Fair Play: What Gilas can teach us

I WILL never forget that 2002 Asian Games semifinal match in Busan when we lost to South Korea.  I was somewhere where I wasn't supposed to be down South with a lady, while officially, I was in Cebu in the midst of a mid-term preparations.

Up by two, with seconds left and with the trusty Olsen Racela on the line? We're back in the Asian Games finals I thought.

It never happened.

Racela, the guy whom you could bet your life savings to make those free throws, missed both and in the next play, Korea sank a buzzer-beating trey to steal the game.

That's Korea.

And when it comes to Asian basketball, Korea has had the Philippines number for decades.

That's why heading to the office last Saturday, I told my wife--the lady I was with in 2002--So it won't hurt that much, I'm not expecting Gilas to win.

Even with that perfect start, when the crowd rattled the Koreans to back-to-back turnovers in the first quarter, I thought, it won't happen.

When Marcus Douthit hobbled out injured in the second quarter, I thought, this is it. Korea will make their run and silence the crowd.

But the basketball gods had something else in mind.

Against mighty Korea, which routed Qatar in the quarterfinals, 79-52, it was the smallest man on the court who started the run. Jayson Castro,--Jayson William in the Fiba Asia--tore Korea's defense to bits in that third quarter run.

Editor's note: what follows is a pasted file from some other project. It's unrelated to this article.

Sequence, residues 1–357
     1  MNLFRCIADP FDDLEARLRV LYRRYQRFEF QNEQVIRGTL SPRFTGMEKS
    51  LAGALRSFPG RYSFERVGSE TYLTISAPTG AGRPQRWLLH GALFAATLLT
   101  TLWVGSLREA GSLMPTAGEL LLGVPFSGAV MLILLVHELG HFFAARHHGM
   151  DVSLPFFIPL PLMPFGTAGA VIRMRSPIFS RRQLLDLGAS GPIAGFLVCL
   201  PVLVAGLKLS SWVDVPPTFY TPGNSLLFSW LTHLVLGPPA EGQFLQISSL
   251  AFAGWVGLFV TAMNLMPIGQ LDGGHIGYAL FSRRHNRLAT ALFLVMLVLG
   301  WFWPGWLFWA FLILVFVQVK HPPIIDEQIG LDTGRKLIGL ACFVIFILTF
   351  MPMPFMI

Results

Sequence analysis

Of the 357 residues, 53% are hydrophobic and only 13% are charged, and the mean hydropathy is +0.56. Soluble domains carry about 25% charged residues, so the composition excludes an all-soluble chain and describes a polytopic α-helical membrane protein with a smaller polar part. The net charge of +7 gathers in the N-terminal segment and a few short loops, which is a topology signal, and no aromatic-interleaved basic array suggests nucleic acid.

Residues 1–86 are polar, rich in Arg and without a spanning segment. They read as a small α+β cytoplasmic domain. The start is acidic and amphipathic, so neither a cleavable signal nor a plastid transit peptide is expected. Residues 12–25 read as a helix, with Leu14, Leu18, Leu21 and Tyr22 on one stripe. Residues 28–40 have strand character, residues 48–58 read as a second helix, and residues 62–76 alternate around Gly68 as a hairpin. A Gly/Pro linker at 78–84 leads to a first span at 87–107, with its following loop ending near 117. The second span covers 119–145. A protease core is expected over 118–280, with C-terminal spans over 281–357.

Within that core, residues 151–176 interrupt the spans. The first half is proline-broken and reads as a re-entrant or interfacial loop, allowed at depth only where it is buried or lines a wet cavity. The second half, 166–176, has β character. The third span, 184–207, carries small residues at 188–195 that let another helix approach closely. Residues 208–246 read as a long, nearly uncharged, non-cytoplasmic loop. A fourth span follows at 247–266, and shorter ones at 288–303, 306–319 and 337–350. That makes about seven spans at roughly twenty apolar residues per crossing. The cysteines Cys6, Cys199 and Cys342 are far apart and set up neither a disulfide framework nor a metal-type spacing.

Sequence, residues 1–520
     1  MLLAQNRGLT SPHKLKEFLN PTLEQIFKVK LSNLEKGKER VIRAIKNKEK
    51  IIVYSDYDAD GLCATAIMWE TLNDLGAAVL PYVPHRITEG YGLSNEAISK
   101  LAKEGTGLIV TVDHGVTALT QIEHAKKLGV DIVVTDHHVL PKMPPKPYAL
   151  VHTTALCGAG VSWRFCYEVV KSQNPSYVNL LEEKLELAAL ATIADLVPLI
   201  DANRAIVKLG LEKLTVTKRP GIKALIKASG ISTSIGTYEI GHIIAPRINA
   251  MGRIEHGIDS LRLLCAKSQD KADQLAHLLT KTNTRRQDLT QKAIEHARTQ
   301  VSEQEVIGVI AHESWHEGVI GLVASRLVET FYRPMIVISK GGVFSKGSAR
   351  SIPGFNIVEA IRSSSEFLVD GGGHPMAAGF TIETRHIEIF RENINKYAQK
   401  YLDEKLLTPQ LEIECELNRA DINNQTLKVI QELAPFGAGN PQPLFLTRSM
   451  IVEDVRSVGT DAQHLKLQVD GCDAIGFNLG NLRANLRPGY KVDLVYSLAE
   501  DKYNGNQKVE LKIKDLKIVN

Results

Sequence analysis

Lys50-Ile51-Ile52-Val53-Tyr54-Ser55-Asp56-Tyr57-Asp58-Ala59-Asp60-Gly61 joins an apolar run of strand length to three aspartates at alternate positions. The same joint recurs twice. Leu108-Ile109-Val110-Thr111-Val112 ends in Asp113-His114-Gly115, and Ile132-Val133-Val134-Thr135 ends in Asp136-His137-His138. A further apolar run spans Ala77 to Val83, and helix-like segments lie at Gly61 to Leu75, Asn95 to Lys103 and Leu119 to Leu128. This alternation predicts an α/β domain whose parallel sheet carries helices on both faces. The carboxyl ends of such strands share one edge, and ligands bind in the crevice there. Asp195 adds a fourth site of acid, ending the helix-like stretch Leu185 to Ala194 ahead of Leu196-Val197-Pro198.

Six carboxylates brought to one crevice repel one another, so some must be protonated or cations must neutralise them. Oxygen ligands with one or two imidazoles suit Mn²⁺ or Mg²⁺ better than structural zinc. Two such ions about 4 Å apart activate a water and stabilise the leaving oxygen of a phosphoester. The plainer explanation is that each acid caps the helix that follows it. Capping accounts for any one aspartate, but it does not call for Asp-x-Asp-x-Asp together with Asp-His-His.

And by god was it apt.  Philippine basketball is full of Jayson Castros, though not at his level.  Take a quick look at a neighborhood pickup game and you'd see a silly guard who'd make that crazy drive, making that crazy prayer of a layup every time.

Nicknamed the Blur. Jason Castro was the everyday Pinoy that day, the one who'd buck the odds to make those baskets.  The one,  whom, when told you can’t do it, simply does it.

And there's Marc Pingris.  This guy isn't gifted, he's not even that quick nor does he have an outside shot.  But this guy has heart. For years, he's been known as the Pinoy Sakuragi, after that anime character but I think after the Fiba Asia it's time to change the perspective.  That Anime character should be now forever known as the Japanese Pingris.

When Korea took the lead in the middle of the fourth quarter, I was mentally composing the headline, "Not again!" Yes, I thought it was going to be one of those games.

But thank god Pingris thought otherwise, making that crucial steal against a guy quicker and taller than him.

And isn't that what we keep telling ourselves, no matter the odds--in life or in sports--just keep fighting. Just keep believing that you can do it.

You'll fail, repeatedly, but sometimes, you'd succeed.

Last night, after repeated failures against a foe whom some thought was unbeatable, we succeed.

That's what Gilas taught us.

Just believe.

After the game, I met with Harry, Mark, Gibby, Althene and Daly, high school buddies whom I met when I was but a gangly sportswriter joining those contests years back.  Althene said that I now have a dream job.

It is a dream job made meaningful for moments like the Korea vs. Gilas game, when the whole nation was united for two hours, cheering for that little guy who could.


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